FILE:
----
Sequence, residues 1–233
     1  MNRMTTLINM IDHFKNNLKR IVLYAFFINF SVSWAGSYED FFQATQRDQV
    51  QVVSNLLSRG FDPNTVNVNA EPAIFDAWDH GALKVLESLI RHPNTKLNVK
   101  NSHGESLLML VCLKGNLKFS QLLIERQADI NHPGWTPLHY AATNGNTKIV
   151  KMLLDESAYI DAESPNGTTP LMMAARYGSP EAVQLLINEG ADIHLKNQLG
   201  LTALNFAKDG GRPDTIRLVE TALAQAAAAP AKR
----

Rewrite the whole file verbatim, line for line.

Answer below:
Sequence, residues 1–233
     1  MNRMTTLINM IDHFKNNLKR IVLYAFFINF SVSWAGSYED FFQATQRDQV
    51  QVVSNLLSRG FDPNTVNVNA EPAIFDAWDH GALKVLESLI RHPNTKLNVK
   101  NSHGESLLML VCLKGNLKFS QLLIERQADI NHPGWTPLHY AATNGNTKIV
   151  KMLLDESAYI DAESPNGTTP LMMAARYGSP EAVQLLINEG ADIHLKNQLG
   201  LTALNFAKDG GRPDTIRLVE TALAQAAAAP AKR